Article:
Now if a thunderbolt had fallen upon her from heaven it would not have frightened her more.
She almost died of misery, and if her sisters had not held her up, she would have sunk to the ground and cut her head open.
When she came out of the fainting fit into which she had fallen in her terror, her sisters tried to comfort her, saying:
`How can you believe such nonsense? When did it ever happen that a king’s daughter married a pig?’
`What a baby you are!’ said the other sister; `has not our father enough soldiers to protect you, even if the disgusting creature did come to woo you?’
The youngest Princess would fain have let herself be convinced by her sisters’ words, and have believed what they said, but her heart was heavy. Her thoughts kept turning to the book, in which stood written that great happiness waited her sisters, but that a fate was in store for her such as had never before been known in the world.
Besides, the thought weighed on her heart that she had been guilty of disobeying her father. She began to get quite ill, and in a few days she was so changed that it was difficult to recognise her; formerly she had been rosy and merry, now she was pale and nothing gave her any pleasure. She gave up playing with her sisters in the garden, ceased to gather flowers to put in her hair, and never sang when they sat together at their spinning and sewing.
In the meantime the King won a great victory, and having completely defeated and driven off the enemy, he hurried home to his daughters, to whom his thoughts had constantly turned. Everyone went out to meet him with cymbals and fifes and drums, and there was great rejoicing over his victorious return. The King’s first act on reaching home was to thank Heaven for the victory he had gained over the enemies who had risen against him. He then entered his palace, and the three Princesses stepped forward to meet him. His joy was great when he saw that they were all well, for the youngest did her best not to appear sad.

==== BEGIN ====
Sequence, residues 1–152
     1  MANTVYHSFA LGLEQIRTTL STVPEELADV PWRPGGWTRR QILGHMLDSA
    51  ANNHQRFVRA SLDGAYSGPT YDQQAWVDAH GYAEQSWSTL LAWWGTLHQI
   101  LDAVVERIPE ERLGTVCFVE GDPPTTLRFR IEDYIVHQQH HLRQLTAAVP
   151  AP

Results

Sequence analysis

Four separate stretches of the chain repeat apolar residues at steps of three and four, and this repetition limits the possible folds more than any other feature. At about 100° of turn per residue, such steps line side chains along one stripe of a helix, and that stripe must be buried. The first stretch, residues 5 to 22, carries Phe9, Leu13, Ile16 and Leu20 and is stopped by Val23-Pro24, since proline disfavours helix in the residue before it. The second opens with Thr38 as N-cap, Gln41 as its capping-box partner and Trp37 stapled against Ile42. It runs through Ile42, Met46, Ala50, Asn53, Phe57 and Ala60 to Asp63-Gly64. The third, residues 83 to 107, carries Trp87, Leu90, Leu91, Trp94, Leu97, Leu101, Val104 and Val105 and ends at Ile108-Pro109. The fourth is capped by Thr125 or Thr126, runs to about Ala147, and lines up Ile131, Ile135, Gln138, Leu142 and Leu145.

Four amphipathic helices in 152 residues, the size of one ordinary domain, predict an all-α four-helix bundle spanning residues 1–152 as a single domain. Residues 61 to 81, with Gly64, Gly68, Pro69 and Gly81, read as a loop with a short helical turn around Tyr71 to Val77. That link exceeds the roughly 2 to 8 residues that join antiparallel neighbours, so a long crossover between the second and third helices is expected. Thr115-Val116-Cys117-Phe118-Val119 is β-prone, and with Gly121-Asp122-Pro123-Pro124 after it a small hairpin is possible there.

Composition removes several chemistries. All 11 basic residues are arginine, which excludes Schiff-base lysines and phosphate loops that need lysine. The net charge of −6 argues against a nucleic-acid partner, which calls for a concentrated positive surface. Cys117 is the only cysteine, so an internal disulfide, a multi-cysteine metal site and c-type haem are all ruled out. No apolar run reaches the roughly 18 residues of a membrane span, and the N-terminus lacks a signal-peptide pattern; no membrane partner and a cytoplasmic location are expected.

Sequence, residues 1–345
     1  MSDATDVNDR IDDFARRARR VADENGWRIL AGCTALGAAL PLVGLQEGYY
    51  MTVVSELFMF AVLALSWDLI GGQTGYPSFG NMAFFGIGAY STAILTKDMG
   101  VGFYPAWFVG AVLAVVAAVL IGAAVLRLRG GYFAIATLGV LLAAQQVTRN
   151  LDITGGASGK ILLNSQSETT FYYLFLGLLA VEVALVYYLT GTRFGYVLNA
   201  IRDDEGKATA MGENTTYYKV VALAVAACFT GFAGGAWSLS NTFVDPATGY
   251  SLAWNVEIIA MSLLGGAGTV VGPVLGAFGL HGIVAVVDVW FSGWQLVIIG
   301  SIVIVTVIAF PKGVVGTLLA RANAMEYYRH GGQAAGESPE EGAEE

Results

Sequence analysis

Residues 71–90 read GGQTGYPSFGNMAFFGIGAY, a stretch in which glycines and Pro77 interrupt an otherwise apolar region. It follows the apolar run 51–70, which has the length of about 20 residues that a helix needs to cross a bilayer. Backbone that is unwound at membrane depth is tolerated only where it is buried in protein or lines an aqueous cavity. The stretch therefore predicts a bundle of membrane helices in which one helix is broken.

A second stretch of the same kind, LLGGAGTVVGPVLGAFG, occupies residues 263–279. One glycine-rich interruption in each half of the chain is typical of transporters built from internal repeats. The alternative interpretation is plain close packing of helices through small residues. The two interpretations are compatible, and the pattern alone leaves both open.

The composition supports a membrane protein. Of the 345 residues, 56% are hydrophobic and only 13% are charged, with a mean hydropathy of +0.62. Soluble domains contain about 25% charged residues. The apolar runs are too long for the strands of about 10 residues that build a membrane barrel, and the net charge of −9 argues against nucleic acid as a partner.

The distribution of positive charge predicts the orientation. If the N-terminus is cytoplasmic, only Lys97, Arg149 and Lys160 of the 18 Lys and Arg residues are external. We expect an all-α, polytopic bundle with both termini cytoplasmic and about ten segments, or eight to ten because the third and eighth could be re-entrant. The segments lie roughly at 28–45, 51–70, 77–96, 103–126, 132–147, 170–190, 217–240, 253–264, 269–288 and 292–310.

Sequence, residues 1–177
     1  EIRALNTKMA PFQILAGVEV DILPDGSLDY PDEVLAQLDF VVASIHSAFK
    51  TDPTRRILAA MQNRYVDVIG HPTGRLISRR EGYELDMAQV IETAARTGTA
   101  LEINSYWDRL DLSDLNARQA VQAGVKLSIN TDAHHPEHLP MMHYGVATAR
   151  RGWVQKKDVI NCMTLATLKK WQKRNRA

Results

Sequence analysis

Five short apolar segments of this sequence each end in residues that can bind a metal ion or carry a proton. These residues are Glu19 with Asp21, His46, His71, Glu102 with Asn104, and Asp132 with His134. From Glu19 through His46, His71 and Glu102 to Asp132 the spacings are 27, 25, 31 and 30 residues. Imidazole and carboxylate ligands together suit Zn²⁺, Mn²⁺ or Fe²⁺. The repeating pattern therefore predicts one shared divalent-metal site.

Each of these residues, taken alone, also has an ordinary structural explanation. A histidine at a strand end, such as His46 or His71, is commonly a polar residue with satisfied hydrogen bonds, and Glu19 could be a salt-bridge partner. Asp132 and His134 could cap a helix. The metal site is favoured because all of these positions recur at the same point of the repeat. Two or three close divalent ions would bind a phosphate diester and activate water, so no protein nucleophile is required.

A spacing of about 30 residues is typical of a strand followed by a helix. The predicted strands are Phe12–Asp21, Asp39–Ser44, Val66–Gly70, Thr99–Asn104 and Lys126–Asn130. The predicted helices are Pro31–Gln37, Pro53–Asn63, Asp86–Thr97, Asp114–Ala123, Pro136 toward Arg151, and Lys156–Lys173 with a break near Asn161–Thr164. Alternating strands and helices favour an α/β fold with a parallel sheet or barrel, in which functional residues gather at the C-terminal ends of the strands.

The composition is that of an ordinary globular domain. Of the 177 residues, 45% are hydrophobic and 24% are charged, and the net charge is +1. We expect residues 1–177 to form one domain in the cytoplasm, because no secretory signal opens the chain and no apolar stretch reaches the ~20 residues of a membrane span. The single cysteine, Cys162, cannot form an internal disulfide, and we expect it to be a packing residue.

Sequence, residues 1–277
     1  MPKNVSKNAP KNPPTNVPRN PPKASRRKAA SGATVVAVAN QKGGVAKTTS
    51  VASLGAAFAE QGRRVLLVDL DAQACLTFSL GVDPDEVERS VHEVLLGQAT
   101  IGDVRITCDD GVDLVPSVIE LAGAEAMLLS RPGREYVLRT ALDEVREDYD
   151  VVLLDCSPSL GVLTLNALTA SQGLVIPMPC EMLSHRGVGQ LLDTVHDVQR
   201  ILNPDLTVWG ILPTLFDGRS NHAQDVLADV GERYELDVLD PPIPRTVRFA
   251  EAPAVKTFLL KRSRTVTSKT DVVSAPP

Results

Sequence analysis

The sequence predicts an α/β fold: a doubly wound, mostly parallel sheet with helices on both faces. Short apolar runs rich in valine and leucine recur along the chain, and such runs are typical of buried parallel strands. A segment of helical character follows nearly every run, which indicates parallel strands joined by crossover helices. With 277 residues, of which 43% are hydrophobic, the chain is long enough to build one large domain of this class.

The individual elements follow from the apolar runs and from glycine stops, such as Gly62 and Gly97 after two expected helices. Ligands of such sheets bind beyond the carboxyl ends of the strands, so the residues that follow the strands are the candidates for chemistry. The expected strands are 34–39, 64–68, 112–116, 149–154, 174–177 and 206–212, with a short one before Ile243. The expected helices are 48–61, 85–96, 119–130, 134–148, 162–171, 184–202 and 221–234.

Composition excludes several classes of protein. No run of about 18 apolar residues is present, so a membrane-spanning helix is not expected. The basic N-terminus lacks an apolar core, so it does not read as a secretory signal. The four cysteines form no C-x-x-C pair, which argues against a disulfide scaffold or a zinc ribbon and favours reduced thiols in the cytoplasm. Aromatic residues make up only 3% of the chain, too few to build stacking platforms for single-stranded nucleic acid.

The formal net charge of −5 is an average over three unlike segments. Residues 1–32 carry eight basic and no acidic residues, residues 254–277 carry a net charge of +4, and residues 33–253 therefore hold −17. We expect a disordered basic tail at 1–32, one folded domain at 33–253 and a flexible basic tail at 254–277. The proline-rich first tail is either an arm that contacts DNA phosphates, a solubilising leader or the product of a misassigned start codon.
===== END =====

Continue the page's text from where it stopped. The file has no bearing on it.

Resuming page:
In spite of this, however, it was not long before the King noticed that his third daughter was getting very thin and sad-looking. And all of a sudden he felt as if a hot iron were entering his soul, for it flashed through his mind that she had disobeyed his word. He felt sure he was right; but to be quite certain he called his daughters to him, questioned them, and ordered them to speak the truth. They confessed everything, but took good care not to say which had led the other two into temptation.
The King was so distressed when he heard it that he was almost overcome by grief. But he took heart and tried to comfort his daughters, who looked frightened to death. He saw that what had happened had happened, and that a thousand words would not alter matters by a hair’s-breadth.
Well, these events had almost been forgotten when one fine day a prince from the East appeared at the Court and asked the King for the hand of his eldest daughter. The King gladly gave his consent. A great wedding banquet was prepared, and after three days of feasting the happy pair were accompanied to the frontier with much ceremony and rejoicing.
After some time the same thing befell the second daughter, who was wooed and won by a prince from the West.
Now when the young Princess saw that everything fell out exactly as had been written in the book, she grew very sad. She refused to eat, and would not put on her fine clothes nor go out walking, and declared that she would rather die than become a laughing-stock to the world. But the King would not allow her to do anything so wrong, and he comforted her in all possible ways.
So the time passed, till lo and behold! one fine day an enormous pig from the North walked into the palace, and going straight up to the King said, `Hail! oh King. May your life be as prosperous and bright as sunrise on a clear day!’
`I am glad to see you well, friend,’ answered the King, `but what wind has brought you hither?’
`I come a-wooing,’ replied the Pig.